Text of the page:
The protest took place amid a dramatic rise in anti-Semitic hate speech in public life in Poland and it appeared to be one of the largest anti-Jewish street demonstrations in recent times. It also comes as far-right groups are gaining in popularity, pressuring the conservative government to move further to the right.

‘Biggest European anti-Jewish demonstration in recent years’

Poland was a major victim of Nazi Germany during World War II and those protesting say it is not fair to ask Poland to compensate Jewish victims when Poland has never received adequate compensation from Germany.

“Why should we have to pay money today when nobody gives us anything?” said 22-year-old Kamil Wencwel. “Americans only think about Jewish and not Polish interests.”

The protesters shouted “no to claims!” and “This is Poland, not Polin,” using the Hebrew word for Poland.

Rafal Pankowski, a sociologist who heads the anti-extremist group Never Again, called the march “probably the biggest openly anti-Jewish street demonstration in Europe in recent years.”

One couple wore matching T-shirts reading “death to the enemies of the fatherland,” while another man wore a shirt saying: “I will not apologise for Jedwabne”   a massacre of Jews by their Polish neighbors in 1941 under the German occupation.

Among those far-right politicians who led the march were Janusz Korwin-Mikke and Grzegorz Braun, who have joined forces in a far-right coalition standing in the elections to the European Parliament later this month. Stopping Jewish restitution claims has been one of their key priorities, along with fighting what they call pro-LGBT “propaganda.” The movement is polling well amongst young Polish men.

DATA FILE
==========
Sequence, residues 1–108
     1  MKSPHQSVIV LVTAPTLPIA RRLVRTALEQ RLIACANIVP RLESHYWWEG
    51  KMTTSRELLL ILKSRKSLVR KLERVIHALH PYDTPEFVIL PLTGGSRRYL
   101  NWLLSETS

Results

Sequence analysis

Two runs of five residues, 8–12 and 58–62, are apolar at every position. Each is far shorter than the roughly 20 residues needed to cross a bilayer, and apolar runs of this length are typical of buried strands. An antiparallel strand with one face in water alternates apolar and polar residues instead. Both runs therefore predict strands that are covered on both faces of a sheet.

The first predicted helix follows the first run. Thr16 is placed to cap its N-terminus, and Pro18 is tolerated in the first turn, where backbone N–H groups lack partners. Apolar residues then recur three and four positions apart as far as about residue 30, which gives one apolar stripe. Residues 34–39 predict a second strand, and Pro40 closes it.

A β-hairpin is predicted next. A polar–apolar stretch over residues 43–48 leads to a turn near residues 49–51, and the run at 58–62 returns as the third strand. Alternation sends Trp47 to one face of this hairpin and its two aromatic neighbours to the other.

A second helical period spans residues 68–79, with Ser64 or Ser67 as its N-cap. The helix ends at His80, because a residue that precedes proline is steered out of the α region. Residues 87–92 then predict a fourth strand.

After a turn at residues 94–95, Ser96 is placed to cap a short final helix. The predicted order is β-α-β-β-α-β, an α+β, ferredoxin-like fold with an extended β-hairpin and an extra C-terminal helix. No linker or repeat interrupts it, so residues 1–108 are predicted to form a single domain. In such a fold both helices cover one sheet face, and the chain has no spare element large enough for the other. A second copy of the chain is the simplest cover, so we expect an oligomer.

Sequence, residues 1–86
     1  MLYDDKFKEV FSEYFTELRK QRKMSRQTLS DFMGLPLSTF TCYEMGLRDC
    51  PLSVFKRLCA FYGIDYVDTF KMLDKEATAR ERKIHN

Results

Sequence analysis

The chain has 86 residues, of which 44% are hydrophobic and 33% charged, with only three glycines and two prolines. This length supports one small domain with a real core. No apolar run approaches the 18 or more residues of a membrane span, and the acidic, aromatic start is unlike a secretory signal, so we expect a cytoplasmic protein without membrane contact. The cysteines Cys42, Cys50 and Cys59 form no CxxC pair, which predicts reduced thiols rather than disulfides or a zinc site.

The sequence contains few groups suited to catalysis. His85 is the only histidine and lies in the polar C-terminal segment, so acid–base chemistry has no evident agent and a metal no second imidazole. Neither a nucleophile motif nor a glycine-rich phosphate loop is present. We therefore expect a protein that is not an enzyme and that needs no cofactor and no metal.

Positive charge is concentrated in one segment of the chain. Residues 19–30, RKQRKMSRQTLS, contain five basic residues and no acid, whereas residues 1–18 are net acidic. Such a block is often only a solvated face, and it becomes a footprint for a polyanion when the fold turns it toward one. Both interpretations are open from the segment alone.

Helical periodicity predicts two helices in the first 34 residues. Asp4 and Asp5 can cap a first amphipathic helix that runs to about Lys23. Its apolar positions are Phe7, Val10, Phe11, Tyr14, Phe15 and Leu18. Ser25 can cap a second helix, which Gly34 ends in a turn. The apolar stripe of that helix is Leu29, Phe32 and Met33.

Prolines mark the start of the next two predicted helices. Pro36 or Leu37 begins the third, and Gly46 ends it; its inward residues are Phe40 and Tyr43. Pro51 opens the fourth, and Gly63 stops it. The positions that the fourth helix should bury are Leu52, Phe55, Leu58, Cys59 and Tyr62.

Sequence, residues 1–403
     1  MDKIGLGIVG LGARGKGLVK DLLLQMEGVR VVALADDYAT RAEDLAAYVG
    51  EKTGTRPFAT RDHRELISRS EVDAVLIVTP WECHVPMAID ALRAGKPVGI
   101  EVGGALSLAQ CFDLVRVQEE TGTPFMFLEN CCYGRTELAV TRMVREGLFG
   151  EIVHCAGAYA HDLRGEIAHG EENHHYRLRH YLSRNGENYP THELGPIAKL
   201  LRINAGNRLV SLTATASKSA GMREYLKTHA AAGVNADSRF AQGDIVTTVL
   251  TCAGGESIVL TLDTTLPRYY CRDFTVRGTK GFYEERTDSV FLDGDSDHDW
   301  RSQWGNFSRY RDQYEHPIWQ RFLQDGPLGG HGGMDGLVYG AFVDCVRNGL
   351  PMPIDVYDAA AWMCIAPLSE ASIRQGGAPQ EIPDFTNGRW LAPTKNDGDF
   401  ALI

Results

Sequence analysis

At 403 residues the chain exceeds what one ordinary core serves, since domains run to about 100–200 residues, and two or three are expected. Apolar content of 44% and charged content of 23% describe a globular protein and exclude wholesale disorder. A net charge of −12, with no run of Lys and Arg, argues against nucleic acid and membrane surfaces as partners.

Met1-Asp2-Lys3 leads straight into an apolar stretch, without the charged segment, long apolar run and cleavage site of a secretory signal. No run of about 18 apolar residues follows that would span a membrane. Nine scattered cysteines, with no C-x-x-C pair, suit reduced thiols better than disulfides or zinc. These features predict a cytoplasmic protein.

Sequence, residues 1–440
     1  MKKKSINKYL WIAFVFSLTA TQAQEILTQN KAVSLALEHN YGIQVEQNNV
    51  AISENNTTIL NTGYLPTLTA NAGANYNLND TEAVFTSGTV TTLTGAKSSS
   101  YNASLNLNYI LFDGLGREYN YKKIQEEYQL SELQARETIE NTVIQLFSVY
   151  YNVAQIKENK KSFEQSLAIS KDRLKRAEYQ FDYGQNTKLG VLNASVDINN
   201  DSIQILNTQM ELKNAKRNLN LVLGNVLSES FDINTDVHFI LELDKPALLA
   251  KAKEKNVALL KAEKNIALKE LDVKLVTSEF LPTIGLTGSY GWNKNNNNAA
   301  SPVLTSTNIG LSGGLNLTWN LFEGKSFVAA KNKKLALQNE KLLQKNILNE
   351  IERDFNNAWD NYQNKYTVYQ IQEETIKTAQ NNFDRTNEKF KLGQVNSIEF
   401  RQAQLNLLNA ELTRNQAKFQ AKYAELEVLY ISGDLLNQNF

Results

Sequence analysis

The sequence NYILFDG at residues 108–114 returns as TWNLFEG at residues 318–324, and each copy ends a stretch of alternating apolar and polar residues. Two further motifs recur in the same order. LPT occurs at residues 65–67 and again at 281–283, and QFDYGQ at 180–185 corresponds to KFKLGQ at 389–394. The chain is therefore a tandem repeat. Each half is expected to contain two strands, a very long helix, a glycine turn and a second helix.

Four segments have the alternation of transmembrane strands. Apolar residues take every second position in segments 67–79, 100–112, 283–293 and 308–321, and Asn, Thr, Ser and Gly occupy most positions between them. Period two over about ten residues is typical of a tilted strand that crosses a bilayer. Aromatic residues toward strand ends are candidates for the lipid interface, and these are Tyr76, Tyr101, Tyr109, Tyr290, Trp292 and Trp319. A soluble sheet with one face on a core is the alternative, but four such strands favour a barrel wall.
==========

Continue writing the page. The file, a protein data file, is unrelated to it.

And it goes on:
Prime Minister Mateusz Morawiecki echoed the feelings of the protesters at a campaign rally Saturday, saying that it is Poles who deserve compensation.

Poland was the heartland of European Jewish life before the Holocaust, with most of the 3.3 million Polish Jews murdered by occupying Nazi German forces. Christian Poles were also targeted by the Germans, killed in massacres and in concentration camps.

Looted property ‘continues to benefit Polish economy’

Many Poles to this day have a feeling that their suffering has not been adequately acknowledged by the world, while that of Jewish suffering in the Holocaust has, creating what has often been called a “competition of victimhood.”

Many of the properties of both Jews and non-Jews were destroyed during the war or were looted and later nationalised by the communist regime that followed.

Protesters said paying compensation would ruin Poland’s economy. But Jewish organisations, particularly the World Jewish Restitution Organisation, have been seeking compensation for Holocaust survivors and their families, consider compensation a matter of justice for a population that was subjected to genocide.